• A non-oil fiscal budget deficit of NOK 13 billion, which is NOK 23.4 billion lower than in the approved budget for 2008. The deficit is covered by a transfer from the Government Pension Fund-Global.
  • A central government net cash flow from petroleum activities of NOK 356 billion. This is almost NOK 54 billion higher than estimated in the approved budget.
  • A net transfer to the Government Pension Fund – Global of NOK 343 billion.
  • A consolidated surplus in the Fiscal Budget and the Government Pension Fund – Global of about NOK 424 billion.
  • An estimated market value of Government Pension Fund of NOK 2 427 billion by the end of 2008, whereof NOK 2 316 billion in Government Pension Fund – Global. Old age pensions obligations under the National Insurance Scheme is estimated at NOK 4 551 billion (accrued) by the end of 2008.
  • An increase in total revenues for local governments of 1.4 per cent from 2007 to 2008.

Monetary policy
The monetary policy regulation of 29 March 2001 stipulates a flexible inflation targeting regime for monetary policy. The long-term role of monetary policy is to provide the economy with a nominal anchor. In the short- and medium-term, monetary policy shall balance the need for low and stable inflation against the outlook for output and employment.

Norges Bank’s implementation of monetary policy is oriented towards maintaining low and stable inflation. The operational target is defined as an annual increase in consumer prices of close to 2.5 per cent over time. The interest rate decisions of Norges Bank shall be forward looking, and pay due attention to the uncertainty attached to macroeconomic estimates and assessments. It shall take into consideration that it may take time for the policy changes to take effect, and it should disregard disturbances of a temporary nature that are not deemed to affect underlying price and cost increases.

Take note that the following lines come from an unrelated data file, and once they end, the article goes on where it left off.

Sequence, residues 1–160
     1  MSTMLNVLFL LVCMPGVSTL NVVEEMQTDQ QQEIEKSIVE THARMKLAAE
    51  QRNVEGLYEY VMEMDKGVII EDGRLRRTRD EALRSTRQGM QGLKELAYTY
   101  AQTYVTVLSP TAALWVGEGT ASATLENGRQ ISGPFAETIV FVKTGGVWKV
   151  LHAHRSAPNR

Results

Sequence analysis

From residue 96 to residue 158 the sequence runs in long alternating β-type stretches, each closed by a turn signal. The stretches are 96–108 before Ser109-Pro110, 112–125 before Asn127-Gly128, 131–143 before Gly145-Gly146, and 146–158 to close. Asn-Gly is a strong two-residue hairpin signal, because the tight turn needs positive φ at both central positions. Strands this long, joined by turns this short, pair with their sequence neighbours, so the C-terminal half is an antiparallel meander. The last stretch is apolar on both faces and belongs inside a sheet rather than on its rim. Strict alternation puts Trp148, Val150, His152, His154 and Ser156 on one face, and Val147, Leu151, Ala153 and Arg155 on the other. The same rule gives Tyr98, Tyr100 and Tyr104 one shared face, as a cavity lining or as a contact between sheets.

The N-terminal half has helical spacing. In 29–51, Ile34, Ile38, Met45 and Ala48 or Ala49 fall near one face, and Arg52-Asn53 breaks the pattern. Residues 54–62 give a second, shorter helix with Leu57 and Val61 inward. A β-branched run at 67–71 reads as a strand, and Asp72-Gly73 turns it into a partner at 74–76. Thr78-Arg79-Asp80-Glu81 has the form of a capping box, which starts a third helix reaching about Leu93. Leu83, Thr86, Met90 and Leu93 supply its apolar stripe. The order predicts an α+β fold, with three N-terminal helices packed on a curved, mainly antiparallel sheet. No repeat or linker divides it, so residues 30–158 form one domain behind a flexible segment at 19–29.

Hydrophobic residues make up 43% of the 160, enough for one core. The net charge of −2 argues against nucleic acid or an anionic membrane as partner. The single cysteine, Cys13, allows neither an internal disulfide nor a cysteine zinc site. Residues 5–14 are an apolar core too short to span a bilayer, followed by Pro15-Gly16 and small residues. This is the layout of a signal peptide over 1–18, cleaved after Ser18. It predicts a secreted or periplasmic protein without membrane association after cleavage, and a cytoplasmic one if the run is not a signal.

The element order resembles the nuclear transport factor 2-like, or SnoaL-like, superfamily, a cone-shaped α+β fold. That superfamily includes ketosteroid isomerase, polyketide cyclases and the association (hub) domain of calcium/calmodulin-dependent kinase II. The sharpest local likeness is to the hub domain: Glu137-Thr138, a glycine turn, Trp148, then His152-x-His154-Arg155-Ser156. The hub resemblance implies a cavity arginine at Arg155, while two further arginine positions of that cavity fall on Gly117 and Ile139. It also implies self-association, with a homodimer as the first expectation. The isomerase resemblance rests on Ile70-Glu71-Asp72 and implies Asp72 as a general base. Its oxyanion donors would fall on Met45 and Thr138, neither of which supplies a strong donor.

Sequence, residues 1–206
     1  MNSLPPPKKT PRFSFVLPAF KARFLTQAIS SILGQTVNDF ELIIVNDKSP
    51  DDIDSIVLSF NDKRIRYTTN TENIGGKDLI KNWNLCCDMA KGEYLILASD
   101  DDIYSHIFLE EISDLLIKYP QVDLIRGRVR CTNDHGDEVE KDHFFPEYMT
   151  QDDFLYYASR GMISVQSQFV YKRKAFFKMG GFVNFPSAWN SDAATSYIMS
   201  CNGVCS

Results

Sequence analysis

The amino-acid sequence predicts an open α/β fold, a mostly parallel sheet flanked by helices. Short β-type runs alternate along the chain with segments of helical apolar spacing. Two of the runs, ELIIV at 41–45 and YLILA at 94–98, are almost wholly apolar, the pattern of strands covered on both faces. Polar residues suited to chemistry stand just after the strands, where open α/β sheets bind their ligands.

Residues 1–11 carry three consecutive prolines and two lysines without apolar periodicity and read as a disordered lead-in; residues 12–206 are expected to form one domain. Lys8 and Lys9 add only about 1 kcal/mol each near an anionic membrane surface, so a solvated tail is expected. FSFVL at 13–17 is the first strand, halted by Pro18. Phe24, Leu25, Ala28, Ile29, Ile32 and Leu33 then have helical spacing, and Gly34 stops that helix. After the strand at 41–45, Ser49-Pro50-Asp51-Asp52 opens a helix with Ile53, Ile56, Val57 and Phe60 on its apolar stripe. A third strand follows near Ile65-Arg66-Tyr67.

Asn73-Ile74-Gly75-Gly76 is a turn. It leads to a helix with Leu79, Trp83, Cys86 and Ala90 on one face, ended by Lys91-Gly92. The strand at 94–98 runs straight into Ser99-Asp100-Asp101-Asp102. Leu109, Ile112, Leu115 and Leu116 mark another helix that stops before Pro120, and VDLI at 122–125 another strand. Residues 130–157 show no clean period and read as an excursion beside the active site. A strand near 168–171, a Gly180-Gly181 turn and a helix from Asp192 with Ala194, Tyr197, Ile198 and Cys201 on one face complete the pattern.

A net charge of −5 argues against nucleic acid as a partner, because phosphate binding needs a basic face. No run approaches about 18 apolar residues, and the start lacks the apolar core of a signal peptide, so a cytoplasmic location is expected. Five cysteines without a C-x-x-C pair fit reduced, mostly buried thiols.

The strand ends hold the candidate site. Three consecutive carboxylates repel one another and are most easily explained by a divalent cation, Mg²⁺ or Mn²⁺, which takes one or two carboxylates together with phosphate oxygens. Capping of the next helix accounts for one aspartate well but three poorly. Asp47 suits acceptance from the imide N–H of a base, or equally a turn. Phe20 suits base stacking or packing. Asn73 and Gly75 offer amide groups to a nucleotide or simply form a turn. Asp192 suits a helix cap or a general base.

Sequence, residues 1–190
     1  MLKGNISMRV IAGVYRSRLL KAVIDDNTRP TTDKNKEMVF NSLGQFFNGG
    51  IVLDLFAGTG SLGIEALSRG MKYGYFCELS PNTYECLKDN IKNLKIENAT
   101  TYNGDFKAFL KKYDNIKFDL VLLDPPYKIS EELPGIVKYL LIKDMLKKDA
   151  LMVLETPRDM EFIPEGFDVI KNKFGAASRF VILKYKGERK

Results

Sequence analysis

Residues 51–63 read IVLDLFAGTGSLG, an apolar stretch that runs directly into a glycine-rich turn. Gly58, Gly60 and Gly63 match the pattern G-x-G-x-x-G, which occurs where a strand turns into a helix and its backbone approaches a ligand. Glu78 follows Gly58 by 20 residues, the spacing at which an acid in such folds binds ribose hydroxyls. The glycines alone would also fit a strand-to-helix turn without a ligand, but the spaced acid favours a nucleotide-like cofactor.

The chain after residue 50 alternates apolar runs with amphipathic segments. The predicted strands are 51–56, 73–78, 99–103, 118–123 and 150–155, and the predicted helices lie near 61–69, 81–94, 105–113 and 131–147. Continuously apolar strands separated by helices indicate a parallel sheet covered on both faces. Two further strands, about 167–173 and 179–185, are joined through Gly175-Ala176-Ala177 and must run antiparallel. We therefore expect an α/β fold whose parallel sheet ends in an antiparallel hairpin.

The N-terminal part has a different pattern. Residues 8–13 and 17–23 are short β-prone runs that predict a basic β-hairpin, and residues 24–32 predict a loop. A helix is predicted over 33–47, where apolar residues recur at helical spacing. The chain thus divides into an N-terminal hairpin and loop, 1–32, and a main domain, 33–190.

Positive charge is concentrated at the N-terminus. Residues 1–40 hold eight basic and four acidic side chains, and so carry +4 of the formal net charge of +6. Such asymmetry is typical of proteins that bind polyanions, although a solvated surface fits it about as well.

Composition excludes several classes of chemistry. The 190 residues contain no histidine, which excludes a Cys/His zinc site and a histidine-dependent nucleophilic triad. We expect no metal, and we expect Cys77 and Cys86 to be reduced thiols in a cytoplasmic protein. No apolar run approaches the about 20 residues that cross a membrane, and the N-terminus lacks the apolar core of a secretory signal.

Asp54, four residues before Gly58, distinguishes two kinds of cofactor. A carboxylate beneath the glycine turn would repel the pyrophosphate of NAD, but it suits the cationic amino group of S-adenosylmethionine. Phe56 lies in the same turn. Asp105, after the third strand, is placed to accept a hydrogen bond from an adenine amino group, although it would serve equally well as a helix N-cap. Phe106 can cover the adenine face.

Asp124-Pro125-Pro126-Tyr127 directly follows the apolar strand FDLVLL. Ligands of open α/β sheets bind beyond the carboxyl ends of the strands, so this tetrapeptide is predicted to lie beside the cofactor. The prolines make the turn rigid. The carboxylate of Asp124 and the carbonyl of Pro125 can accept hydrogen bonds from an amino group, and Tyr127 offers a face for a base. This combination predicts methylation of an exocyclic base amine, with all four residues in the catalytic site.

The key rate (the sight deposit rate) has since spring of 2005 been increased gradually by 3¾ percentage points to currently 5½ per cent. According to the Bank’s interest rate path published in March (in Monetary Policy Report 1/08), the key policy rate is forecast at 5½ per cent by the end of 2008 and 5 per cent by the end of 2009.

The Government Pension Fund 
The Government Pension Fund was established 1 January 2006 and consists of two parts: "The Government Pension Fund – Global", previously the Government Petroleum Fund, and "The Government Pension Fund – Norway".

A white paper report on the management of the Pension Fund was submitted to the Parliament (Storting) on 4 April, 2008.

General outlook for the economy
Growth in the Norwegian mainland economy has been strong for the past four years with an annual GDP growth of close to 5 per cent. This is the strongest economic expansion in a four-year period since the 1960s. Domestic demand has been fuelled by strong income growth and low interest rates. Profitability in the business sector, coupled with increasingly higher capacity utilisation has contributed to strong investment growth in the mainland business sector. Vigorous growth in the petroleum investments has also provided important growth impetus to domestic demand.

There are now signs of slowing growth in the mainland economy. Housing starts have declined in the past few months, growth in consumption has dampened and exports of traditional goods are slowing down. However, growth in petroleum investments continues to be vigorous.

Growth in Mainland - GDP is estimated at 3.2 per cent in 2008, indicating a fifth year running with growth well above trend.

Employment growth has been exceptionally strong and the unemployment rate is now at a 20 year low. Demand for labour continues to be high, and many companies are still having difficulties in finding qualified labour. However, the unemployment rate has started to flatten out, and the shortage of qualified labour has become less urgent in some sectors. The unemployment rate is forecast at 2.4 per cent in 2008.

The tightening of the labour market has resulted in higher wage growth. Based on the wage negotiations concluded so far, annual wage growth is estimated at 5½ per cent in 2008.